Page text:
Following an increase in coronavirus cases across the country, Health Secretary Matt Hancock has revealed a second national lockdown is 'on the table'.

Nearly two million people in North East England were among the latest to face local lockdown rules which came into force on Friday.

This comes after news that cases of the virus appear to be doubling every week, with over 3,300 new cases reported on Thursday.

While a further national lockdown has been described by the government as the 'last line of defence', the possibility of everyone around the country once again facing restrictions is real.

Health Secretary Matt Hancock

However, BBC political editor Laura Kuenssberg has hinted that a short period of country-wide rules dubbed a 'circuit break' could be announced within the next week.

Under the 'circuit break', tighter restrictions could be introduced once again in certain public spaces over the course of a few weeks.

SAGE, the government's Scientific Advisory Group for Emergencies have suggested that parts of the hospitality industry could be asked to close.

Ministers are also considering limiting the opening hours of restaurants and pubs, similar to areas already in a local lockdown like Bolton which had a 10pm 'curfew' imposed on hospitality venues.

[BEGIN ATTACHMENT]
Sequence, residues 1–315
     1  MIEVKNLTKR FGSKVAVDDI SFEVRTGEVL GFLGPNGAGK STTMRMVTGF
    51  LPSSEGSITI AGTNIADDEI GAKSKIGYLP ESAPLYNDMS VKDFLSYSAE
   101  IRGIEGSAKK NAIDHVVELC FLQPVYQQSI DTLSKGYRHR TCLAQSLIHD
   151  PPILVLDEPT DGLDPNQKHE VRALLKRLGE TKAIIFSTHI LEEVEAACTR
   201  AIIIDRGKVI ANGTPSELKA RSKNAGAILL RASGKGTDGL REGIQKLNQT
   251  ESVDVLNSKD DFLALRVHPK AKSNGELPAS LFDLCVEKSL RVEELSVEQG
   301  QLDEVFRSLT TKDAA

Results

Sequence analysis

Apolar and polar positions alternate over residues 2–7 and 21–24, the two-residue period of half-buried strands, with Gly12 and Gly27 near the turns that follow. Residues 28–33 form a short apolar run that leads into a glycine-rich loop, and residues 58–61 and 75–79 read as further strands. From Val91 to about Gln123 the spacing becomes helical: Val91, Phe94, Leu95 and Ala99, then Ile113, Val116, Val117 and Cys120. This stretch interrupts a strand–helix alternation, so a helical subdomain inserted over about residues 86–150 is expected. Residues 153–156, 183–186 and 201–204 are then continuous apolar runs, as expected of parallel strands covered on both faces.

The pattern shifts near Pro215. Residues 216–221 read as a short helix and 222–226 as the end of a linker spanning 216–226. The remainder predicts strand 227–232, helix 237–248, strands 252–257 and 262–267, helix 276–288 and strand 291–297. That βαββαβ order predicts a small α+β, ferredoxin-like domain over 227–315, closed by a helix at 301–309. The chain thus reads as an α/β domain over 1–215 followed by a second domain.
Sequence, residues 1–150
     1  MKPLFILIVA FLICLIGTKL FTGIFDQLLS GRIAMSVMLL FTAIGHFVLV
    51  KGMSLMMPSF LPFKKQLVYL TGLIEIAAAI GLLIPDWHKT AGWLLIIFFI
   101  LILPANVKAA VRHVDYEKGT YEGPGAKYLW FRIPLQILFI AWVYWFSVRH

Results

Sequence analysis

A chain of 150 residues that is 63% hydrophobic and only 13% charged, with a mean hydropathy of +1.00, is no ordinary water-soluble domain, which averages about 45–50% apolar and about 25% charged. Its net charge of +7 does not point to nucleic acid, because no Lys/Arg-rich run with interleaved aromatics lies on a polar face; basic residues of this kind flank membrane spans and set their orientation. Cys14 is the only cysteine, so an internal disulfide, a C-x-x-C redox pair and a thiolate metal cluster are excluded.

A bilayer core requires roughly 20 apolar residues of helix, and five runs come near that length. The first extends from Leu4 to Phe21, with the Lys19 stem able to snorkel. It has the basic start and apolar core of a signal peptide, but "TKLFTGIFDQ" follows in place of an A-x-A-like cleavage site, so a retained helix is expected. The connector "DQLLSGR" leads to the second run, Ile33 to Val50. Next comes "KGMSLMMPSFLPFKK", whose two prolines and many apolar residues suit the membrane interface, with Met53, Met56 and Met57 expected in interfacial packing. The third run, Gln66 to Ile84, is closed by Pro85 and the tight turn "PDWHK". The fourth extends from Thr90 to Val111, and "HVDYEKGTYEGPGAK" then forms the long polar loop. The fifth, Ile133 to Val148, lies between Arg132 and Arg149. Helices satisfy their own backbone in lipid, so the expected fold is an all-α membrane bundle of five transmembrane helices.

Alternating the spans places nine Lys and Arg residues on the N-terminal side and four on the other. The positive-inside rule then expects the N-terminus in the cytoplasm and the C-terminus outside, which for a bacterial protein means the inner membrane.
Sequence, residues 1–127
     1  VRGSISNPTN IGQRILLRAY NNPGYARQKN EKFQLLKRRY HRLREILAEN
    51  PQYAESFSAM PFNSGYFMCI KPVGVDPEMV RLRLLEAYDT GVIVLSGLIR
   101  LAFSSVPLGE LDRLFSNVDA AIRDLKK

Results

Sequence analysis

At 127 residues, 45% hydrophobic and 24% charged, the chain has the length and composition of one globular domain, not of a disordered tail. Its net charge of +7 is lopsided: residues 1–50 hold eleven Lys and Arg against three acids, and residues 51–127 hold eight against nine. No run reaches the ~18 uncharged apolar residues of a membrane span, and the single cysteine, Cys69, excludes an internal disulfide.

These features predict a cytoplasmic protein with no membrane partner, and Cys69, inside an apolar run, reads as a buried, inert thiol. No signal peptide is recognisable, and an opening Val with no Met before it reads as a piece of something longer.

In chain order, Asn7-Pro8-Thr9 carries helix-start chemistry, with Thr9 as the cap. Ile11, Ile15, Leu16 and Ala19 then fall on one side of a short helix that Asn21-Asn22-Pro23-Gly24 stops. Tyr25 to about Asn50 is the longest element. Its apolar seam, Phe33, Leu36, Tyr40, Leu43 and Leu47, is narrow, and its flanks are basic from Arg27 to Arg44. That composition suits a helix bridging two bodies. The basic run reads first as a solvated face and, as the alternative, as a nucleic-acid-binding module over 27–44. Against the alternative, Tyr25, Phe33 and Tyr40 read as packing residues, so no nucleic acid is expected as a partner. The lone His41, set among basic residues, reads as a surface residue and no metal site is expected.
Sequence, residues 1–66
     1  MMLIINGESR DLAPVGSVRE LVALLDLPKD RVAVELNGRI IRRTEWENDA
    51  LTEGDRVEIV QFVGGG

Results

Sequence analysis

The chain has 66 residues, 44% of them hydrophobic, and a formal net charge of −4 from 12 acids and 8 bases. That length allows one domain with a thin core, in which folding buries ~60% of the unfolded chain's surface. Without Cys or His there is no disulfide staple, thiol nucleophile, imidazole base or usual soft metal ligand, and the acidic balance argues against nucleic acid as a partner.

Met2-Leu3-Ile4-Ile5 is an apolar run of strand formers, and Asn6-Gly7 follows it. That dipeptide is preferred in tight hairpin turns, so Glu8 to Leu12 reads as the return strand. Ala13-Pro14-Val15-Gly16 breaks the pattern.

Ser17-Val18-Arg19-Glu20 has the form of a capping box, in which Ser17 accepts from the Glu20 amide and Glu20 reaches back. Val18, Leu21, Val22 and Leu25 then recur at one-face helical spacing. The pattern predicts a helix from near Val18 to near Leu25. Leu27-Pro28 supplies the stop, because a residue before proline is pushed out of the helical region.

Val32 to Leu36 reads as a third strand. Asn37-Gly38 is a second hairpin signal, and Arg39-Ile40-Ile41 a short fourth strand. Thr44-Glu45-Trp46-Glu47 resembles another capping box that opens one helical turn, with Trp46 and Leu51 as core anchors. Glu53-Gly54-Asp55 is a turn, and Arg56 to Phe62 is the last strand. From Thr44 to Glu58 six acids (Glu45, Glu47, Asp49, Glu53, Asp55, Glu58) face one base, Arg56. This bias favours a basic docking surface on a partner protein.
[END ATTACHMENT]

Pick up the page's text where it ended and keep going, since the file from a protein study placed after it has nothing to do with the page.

One aspect of national life that will not change though is the function of schools and workplaces which would be kept open throughout the 'circuit break' period.

Currently the nation is subject to the 'rule of six' which came into effect on Monday, banning gatherings of more than six people.

It is unknown if a second national lockdown would further escalate meeting restrictions to be in line with local rules where meeting people in other households is banned.

As each country in the United Kingdom is in charge of their own lockdown restrictions, it is likely the potential 'circuit break' scenario will primarily apply to those living in England.

Prime Minister Boris Johnson is understood to be deeply reluctant to order another full lockdown, where everyone would be asked to stay at home and businesses to close.

Earlier this week he described the potential impact of a second national lockdown on the economy as "disastrous".

The previous lockdown ordered in March greatly restricted what members of the public could and couldn't do, with people only permitted to leave their homes for specific reasons such as one form of exercise and essential shopping.